MAX7219 7-segment LED Driver Board


When starting to work on my alarm clock project, I decided it would be a good idea to design a little independent display that I could attach to many Arduino projects and integrate into their designs. I started out using the 74HC595 shift register to independently control 4 7-segment displays, but the setup used a lot of chips (74HC595) and a lot of connections, as you can see in the below photo:

Bit Shift Connections

I could barely see the digits under all those wires! So I set out to make a better design and stumbled upon the MAX7219 chip and this very helpful guide. I got the chip working on a breadboard and created a Fritzing design for it.

I started out making a single-sided PCB version that required jumper wires, but I decided that I wanted a cleaner look. I designed and etched my very first dual-sided board, and it worked!

Here is the thing in operation. I made some simple code to cycle through all the numbers from 0-9999:

Here are some photos of the single-sided and dual-sided versions:

As usual, you can get the code and schematics on my github:

ATMega328 Flashing Sheild

About a year ago when I first started with Arduino, I learned that projects can be taken off the arduino to stand alone on a breadboard or finished PCB. I also discovered that it was significantly cheaper and easier to buy an ATMega328 chip without a bootloader and burn the bootloader yourself instead of buying one with the bootloader preloaded.

I followed a guide from to get everything I needed to burn a bootloader onto a breadboard:

Flashing Sheild Construction

I then decided that it would be inconvenient to have to bring out a breadboard and wire everything up every time I buy a new ATMega chip. Thus, I created a “shield” of sorts that would plug directly into an Arduino.

I used a ZIF socket to make taking ATMega chips in and out a breeze. And since I’ve been experimenting with photography and animation lately, here is an animation of the shield in operation, burning a bootloader onto an ATMega328:


I do not have any code or schematic for this project since it was all done on-the-fly (and before I knew about github and Fritzting!). See the guide at 3guys1laser for details on how to make your own!

Music Fest Beacon – Field Testing

A few months ago I posted about a music festival beacon that I created to help my friends find me in the crowds. After going to 2 music festivals with it, I am happy to report that it is a success! My friends were able to see me in very large crowds as long as it was dark out. I attached the device onto a tent pole to allow for hands-free use and to make it even higher in the air.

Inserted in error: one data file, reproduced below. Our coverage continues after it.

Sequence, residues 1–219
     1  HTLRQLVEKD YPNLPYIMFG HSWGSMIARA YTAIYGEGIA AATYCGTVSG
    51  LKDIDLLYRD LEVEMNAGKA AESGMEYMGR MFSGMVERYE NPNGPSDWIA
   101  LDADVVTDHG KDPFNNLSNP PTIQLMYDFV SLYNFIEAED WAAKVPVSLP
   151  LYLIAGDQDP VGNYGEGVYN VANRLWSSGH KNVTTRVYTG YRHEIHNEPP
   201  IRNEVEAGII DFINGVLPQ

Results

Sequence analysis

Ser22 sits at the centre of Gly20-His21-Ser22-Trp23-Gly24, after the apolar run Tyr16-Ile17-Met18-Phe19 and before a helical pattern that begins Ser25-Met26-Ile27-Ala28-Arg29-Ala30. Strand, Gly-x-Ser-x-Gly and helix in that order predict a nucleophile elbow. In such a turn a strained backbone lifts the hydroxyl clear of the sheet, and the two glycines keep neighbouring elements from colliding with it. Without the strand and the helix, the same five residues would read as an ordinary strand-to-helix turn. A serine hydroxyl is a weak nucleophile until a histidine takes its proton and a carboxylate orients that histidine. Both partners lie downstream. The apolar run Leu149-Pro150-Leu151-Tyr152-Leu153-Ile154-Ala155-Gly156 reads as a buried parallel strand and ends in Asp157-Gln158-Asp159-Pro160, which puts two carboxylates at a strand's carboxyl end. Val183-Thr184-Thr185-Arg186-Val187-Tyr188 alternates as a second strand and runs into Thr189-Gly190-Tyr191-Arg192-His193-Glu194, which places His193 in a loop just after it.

For proof of how visible a simple light-up ping pong ball is, check out this animation I made from a couple of photos I took of the screen at one of the performances. The camera was looking at the crowd from behind. That color changing dot is the beacon!



Arduino Simon – Final Version

My first ever Arduino project has been through a series of upgrades as I’ve learned new techniques for making electrical circuits. It all started out on a breadboard. I then learned how to break free from the Arduino and make an independent project. Next, I created a more permanent version of my Simon game on a pre-perforated board. And now my Simon game is here in its final form, etched onto a copper board:

Simon Etched Side View

I am pretty proud of how this turned out; I think it looks a lot neater and more professional than my previous iterations of the game. I was happy to go back to my first project and give it a final touch with an etched design.

You can see me losing at the game here:

Here are some additional photos of the project:

As usual, you can get the code and schematic on my github:

Check out the evolution of the project:

Simon Breadboard

Breadboard version


Perf board version


Musical Arduino-based Birthday Card

This year, I wanted to make my brother something special for his birthday. Instead of just sending him some store-bought Halmark card, I decided to make him one myself! Using my new-found Arduino skills, I set out to create a birthday card that would inspire him to learn to solder. The end result is the educational musical birthday card:


This was my first ever two-sided PCB, although it doesn’t really take advantage of any communication between the two sides of the board. The two-sided board is just used such that the writing on the card and the circuit traces can be on opposite sides for aesthetics.

With the card, I included a kit of parts as well as a link to instructions to assemble the card:

I made the “silkscreen” portion (the black text and images) by toner transfer after I etched and clean up all the copper traces. This proved to be a very effective and simple method of adding text and images to a board for a more complete and professional look.

A quick making-of gallery:

My brother soldered the parts on, and he sent me a photo of the completed birthday card, which works!

birthday card complete

A demo of the circuit working can be seen here:

As usual, all of the code and a schematic are posted on github:

Special thanks to for providing an easy way to turn a midi file into arduino code.